Earlier this year, we wrote about the United States v. Hills decision—an impactful United States Court of Appeals for the Armed Forces determination that prior criminal charges could not be used under Mil. R. Evid. 413 to prove a defendant's propensity for sexual crimes. Now, this month, the Army Court of Criminal Appeals has further defined the application and limits of Hills in United States v. Guardado.


The defendant in this case was an Army Master Sergeant (E-8) accused with numerous sexual offenses involving children, including his daughter and niece. Guardado was convicted of numerous offenses (including indecent liberties with a child and battery of a child under the age of sixteen), but, in doing so, the trial judge had allowed the prosecution to use prior charges as evidence against Guardado.

The military judge did this for two reasons: one, so the prosecution could demonstrate Guardado's specific modus operandi and two, to illustrate his propensity for sexual assault. Under the Hills decision, which was broad and far-reaching, both of these reasons could be construed as a violation of the accused's rights. Guardado appealed the decision for this reason.


In the Guardado slip opinion, the three-judge CCA panel determined that the prosecution's presentation of prior cases to demonstrate modus operandi was allowable, but did note that the propensity reasoning was an error. However, most interestingly, the judges did not overturn Guardado's convictions—and they outlined five reasons why they decided not to.

The five reasons are:

  • CAAF has previously determined that some propensity arguments are harmless.
  • In Hills, the "intertwined nature of the conduct" was "central to the court’s assessment of prejudice."
  • Specification-by-specification, the judges do not find prejudice against the defendant.
  • The judges believe that without the propensity argument, the trial outcome would have been the same.
  • While the judge's instructions were confusing, they were not harmful.

There's another key difference between Hills and Guardado: in Hills, defense counsel submitted a timely objection to the propensity argument. Guardado's defense counsel raised no objection during his trial when the propensity argument was being made. When a trial error is flagged via an objection, it is then the burden of the government to demonstrate that the error was harmless to the overall argument for the defendant's innocence. In Hills, prosecutors failed to meet this burden. In Guardado, prosecutors were never even required to.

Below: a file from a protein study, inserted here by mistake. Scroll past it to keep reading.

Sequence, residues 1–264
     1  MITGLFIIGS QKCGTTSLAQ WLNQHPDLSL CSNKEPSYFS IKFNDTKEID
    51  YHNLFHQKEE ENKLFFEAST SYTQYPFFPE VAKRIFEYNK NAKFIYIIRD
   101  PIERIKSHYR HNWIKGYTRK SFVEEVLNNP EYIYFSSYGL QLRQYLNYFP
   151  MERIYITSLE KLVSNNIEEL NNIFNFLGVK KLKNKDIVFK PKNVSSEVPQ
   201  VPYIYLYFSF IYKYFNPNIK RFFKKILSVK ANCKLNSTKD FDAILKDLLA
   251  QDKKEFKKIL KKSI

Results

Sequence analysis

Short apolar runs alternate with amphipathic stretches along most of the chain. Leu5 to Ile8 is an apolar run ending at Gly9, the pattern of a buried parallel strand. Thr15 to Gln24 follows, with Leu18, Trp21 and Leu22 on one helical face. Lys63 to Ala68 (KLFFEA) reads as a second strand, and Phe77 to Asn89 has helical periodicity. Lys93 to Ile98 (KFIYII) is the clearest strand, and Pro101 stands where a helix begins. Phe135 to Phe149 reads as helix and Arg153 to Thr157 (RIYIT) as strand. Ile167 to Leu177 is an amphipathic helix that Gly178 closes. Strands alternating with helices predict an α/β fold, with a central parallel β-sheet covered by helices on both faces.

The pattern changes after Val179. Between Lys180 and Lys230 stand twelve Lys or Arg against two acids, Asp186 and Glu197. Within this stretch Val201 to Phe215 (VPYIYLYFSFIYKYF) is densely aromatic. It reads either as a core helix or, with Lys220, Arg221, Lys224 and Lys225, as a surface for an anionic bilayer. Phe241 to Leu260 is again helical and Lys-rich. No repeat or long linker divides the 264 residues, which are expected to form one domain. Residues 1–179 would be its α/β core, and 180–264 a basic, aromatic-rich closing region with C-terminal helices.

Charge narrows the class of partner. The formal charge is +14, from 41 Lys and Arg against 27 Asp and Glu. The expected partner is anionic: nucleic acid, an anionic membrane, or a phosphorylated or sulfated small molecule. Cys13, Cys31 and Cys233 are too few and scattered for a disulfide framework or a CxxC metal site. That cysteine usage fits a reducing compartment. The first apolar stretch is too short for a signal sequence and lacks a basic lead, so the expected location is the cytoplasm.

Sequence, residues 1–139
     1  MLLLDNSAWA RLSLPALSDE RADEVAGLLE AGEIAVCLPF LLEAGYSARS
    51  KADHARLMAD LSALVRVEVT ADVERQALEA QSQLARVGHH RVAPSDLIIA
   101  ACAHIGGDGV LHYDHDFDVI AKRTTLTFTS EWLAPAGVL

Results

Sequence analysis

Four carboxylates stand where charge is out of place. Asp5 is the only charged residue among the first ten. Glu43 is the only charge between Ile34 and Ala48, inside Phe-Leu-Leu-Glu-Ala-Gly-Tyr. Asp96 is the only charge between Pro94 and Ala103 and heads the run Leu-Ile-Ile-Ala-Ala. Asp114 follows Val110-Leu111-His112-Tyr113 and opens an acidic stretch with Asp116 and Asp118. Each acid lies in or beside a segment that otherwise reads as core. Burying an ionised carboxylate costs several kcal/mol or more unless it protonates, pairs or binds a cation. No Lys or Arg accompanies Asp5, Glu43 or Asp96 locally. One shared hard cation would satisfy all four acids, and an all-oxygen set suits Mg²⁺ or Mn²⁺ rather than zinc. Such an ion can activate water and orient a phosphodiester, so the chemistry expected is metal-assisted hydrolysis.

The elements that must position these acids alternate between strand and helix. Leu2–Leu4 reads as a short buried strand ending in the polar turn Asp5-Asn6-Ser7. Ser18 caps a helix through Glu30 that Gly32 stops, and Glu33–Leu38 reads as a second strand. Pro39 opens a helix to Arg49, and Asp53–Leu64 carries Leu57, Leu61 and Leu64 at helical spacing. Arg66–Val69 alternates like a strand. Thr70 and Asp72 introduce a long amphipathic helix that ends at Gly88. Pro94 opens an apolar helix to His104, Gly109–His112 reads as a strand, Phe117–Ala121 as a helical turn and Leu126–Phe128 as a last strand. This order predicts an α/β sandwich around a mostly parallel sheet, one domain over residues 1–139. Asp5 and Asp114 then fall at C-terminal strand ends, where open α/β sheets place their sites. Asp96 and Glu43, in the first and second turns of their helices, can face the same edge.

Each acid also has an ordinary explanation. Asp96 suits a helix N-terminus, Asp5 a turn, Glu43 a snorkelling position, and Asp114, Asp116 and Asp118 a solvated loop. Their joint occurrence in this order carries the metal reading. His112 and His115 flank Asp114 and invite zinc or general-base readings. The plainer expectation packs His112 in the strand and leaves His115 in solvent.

United States v. Guardado is important for a number of reasons. First of all, it re-establishes just how far-reaching the Hills decision was but—more importantly—does prove that Hills is not a "magic bullet" argument in these cases. Just because a prosecutor attempts to violate Mil. R. Evid. 413 and make a propensity argument, it does not automatically invalidate the entire prosecution of the accused (as it did in Hills). The CCA panel affirms that Hills should be read broadly, but that a larger view of the entire case is needed to determine if meaningful harm has been inflicted to the accused's rights.

Guardado also stands as one of the countless cases that illustrates how important it is to have vigilant defense counsel. While the case may not have been dependent on the timely objection issue, the lack of one from the defense counsel made the prosecution of Guardado arguably easier than it should have been—especially in the wake of a groundbreaking ruling like Hills.

Joseph L. Jordan, Attorney at Law is a U.S. Army veteran well-acquainted with military law and culture. He now travels the globe to defend our accused armed forces members and ensure that their rights and interests are given the consideration they deserve.

If you've been accused, take action with a dedicated, proven advocate by your side. Contact our firm today to request a free case evaluation.